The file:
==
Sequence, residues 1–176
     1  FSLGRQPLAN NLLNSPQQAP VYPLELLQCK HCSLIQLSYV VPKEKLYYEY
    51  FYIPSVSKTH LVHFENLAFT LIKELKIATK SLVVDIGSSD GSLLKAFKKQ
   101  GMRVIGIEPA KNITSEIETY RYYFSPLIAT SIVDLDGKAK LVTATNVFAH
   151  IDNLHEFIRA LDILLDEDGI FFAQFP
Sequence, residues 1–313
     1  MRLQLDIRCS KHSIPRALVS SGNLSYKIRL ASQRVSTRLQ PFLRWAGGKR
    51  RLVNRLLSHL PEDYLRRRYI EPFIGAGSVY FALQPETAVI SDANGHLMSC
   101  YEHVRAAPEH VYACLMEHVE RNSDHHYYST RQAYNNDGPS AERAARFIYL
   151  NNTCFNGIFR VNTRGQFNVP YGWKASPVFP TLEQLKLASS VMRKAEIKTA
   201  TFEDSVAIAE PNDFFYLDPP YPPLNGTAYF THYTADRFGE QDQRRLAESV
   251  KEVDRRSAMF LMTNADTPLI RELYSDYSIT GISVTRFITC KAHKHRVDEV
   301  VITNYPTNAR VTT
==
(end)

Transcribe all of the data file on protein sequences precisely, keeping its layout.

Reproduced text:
Sequence, residues 1–176
     1  FSLGRQPLAN NLLNSPQQAP VYPLELLQCK HCSLIQLSYV VPKEKLYYEY
    51  FYIPSVSKTH LVHFENLAFT LIKELKIATK SLVVDIGSSD GSLLKAFKKQ
   101  GMRVIGIEPA KNITSEIETY RYYFSPLIAT SIVDLDGKAK LVTATNVFAH
   151  IDNLHEFIRA LDILLDEDGI FFAQFP
Sequence, residues 1–313
     1  MRLQLDIRCS KHSIPRALVS SGNLSYKIRL ASQRVSTRLQ PFLRWAGGKR
    51  RLVNRLLSHL PEDYLRRRYI EPFIGAGSVY FALQPETAVI SDANGHLMSC
   101  YEHVRAAPEH VYACLMEHVE RNSDHHYYST RQAYNNDGPS AERAARFIYL
   151  NNTCFNGIFR VNTRGQFNVP YGWKASPVFP TLEQLKLASS VMRKAEIKTA
   201  TFEDSVAIAE PNDFFYLDPP YPPLNGTAYF THYTADRFGE QDQRRLAESV
   251  KEVDRRSAMF LMTNADTPLI RELYSDYSIT GISVTRFITC KAHKHRVDEV
   301  VITNYPTNAR VTT